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Health experts concerned about "twindemic" ahead of flu-season

Flu season is around the corner. Is your family prepared?
Posted at 5:46 AM, Sep 07, 2021
and last updated 2021-09-07 06:46:15-04

WISCONSIN (NBC26) — With the fall and winter months approaching, health experts are concerned we will begin to see a rise in flu cases on top of the already rising cases of COVID-19.

Ajay Sethi, an associate professor of population health sciences at UW Madison, says last year was an unusually mild flu season because many people were still working and attending school from home.

"Last year was a bit of an anomaly because of COVID-19," Sethi said. "Before we had a vaccine, it was very important that everyone stay home when possible and that schools were carried out remotely."

Now that schools are returning back in-person and many places have loosened mask requirements, Sethi says cases of the flu will likely increase this year especially since like COVID-19, it is easily spreadable.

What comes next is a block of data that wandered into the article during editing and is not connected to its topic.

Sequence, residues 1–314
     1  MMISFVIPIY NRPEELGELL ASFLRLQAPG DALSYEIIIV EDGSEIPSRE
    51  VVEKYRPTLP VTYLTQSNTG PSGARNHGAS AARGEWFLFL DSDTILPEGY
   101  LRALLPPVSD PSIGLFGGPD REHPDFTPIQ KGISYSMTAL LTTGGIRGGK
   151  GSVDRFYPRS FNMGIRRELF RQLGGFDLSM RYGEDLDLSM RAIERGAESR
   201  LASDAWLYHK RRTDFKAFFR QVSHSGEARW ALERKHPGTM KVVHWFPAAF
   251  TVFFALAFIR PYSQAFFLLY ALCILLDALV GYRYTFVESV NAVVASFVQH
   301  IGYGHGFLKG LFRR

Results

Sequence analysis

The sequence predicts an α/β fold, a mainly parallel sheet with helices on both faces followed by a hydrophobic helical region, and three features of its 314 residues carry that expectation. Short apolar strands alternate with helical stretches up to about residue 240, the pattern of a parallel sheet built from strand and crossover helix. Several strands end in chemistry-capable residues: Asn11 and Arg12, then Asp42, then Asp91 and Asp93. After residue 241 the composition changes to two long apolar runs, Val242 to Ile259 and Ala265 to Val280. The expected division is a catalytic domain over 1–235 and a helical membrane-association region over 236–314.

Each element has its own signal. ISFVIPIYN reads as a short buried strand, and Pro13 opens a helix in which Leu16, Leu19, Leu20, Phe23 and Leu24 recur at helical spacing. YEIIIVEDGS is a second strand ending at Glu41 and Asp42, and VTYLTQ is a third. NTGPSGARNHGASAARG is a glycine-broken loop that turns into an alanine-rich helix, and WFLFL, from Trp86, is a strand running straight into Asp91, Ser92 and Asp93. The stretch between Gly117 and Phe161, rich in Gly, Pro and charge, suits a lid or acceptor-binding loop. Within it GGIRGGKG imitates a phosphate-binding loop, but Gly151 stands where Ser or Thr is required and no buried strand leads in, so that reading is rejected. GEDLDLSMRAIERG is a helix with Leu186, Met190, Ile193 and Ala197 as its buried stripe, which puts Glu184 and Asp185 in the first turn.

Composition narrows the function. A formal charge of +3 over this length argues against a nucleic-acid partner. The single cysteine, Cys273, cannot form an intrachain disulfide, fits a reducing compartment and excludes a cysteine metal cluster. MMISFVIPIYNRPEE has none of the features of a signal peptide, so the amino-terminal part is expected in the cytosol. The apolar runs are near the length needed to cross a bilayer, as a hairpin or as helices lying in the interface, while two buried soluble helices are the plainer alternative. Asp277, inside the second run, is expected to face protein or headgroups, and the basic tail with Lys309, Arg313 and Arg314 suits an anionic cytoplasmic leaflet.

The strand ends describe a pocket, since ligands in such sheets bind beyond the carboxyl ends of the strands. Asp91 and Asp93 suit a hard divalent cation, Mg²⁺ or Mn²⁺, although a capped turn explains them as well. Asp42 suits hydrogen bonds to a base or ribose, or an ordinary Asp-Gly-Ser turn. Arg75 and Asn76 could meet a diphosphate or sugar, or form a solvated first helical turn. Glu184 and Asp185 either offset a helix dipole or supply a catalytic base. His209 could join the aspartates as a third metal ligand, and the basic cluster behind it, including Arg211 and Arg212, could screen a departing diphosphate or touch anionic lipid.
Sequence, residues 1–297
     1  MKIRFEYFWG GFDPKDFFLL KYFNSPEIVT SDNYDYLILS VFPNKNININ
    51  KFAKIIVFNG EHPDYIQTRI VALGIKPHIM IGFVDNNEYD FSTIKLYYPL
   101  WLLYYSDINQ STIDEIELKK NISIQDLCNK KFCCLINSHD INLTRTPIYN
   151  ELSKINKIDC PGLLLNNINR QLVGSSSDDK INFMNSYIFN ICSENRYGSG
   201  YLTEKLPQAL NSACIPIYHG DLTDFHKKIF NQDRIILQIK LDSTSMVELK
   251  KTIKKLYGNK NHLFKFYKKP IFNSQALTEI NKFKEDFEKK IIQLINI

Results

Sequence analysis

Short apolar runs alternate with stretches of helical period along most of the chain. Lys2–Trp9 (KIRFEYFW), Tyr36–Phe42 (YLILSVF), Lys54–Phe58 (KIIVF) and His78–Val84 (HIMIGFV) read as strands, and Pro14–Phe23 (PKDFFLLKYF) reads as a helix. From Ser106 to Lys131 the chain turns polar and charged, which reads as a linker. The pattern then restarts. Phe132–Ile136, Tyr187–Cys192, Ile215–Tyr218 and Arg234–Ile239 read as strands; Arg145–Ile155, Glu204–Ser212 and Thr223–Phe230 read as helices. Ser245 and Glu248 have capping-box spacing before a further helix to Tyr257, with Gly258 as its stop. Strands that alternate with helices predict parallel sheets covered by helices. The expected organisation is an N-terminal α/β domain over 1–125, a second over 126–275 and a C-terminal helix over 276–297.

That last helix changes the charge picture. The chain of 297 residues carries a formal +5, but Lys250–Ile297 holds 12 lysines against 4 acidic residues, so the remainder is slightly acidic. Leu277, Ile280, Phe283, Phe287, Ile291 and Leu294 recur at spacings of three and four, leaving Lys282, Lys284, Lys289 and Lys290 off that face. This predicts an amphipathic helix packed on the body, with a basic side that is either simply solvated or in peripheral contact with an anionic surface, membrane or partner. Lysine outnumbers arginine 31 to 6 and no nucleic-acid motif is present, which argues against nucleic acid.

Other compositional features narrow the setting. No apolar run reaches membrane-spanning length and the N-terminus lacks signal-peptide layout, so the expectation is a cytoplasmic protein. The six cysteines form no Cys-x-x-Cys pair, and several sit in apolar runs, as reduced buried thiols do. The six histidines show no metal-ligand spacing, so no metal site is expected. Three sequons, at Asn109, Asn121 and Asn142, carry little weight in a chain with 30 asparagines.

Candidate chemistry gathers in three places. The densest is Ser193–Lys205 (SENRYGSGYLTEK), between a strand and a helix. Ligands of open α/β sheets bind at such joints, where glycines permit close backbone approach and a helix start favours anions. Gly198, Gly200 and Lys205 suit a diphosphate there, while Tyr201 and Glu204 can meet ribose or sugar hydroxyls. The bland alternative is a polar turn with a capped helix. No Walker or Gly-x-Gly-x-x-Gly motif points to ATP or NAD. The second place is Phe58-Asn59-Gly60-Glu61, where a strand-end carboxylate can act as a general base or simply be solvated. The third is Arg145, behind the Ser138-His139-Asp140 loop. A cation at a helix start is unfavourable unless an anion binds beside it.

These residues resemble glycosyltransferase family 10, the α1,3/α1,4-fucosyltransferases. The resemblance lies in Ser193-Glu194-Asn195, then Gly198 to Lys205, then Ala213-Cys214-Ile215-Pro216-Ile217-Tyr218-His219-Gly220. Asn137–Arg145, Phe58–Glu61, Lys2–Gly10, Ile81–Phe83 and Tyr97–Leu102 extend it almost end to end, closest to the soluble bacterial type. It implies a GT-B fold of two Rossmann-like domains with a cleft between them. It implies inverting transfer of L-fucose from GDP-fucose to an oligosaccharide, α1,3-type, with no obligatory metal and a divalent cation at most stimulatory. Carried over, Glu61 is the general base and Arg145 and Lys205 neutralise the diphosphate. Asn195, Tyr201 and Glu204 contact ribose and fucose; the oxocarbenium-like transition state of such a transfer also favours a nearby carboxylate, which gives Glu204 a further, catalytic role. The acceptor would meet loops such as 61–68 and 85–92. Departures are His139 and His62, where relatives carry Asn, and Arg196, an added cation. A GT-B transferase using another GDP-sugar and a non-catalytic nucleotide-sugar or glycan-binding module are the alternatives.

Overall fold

"With influenza, it also spreads by having close contact, surfaces are really important," Sethi said. "That's a virus that can stay alive on surfaces for a long time."

Since the flu is easily transmitted through surfaces, Sethi says it is extremely important to remember to frequently disinfect surfaces and wash your hands. However, he says the most effective way to prevent the onset of a "twindemic" will be getting the flu shot as well as the COVID-19 vaccine.

"Getting the flu shot is really important," Sethi said, "Just like the COVID-19 vaccines, it can reduce your risk of getting severe flu and being hospitalized for flu."

Health experts are concerned that a bad flu season will add even more stress to hospitals that are already strained by rising COVID cases.

"When we have a bad flu season, you get a lot of people who have pneumonia, who have to be put into the ICU and be put on ventilators," Sethi said. "COVID clearly hasn't gone away, not enough people are vaccinated against COVID-19 to stave off stress on the healthcare system, and with influenza now right around the corner this is going to be a tough, tough year."

Since many of the symptoms of COVID-19 and the flu are similar, Sethi recommends anyone get tested for COVID-19 if they begin experiencing any flu-like symptoms and especially if they experience shortness of breath.

"If anybody is not sure what they have it's really important that whether you're vaccinated or not, you go get a COVID-19 test," Sethi said. "Especially this fall because there's going to be a lot of symptoms similar to the flu like COVID that are going to be present."

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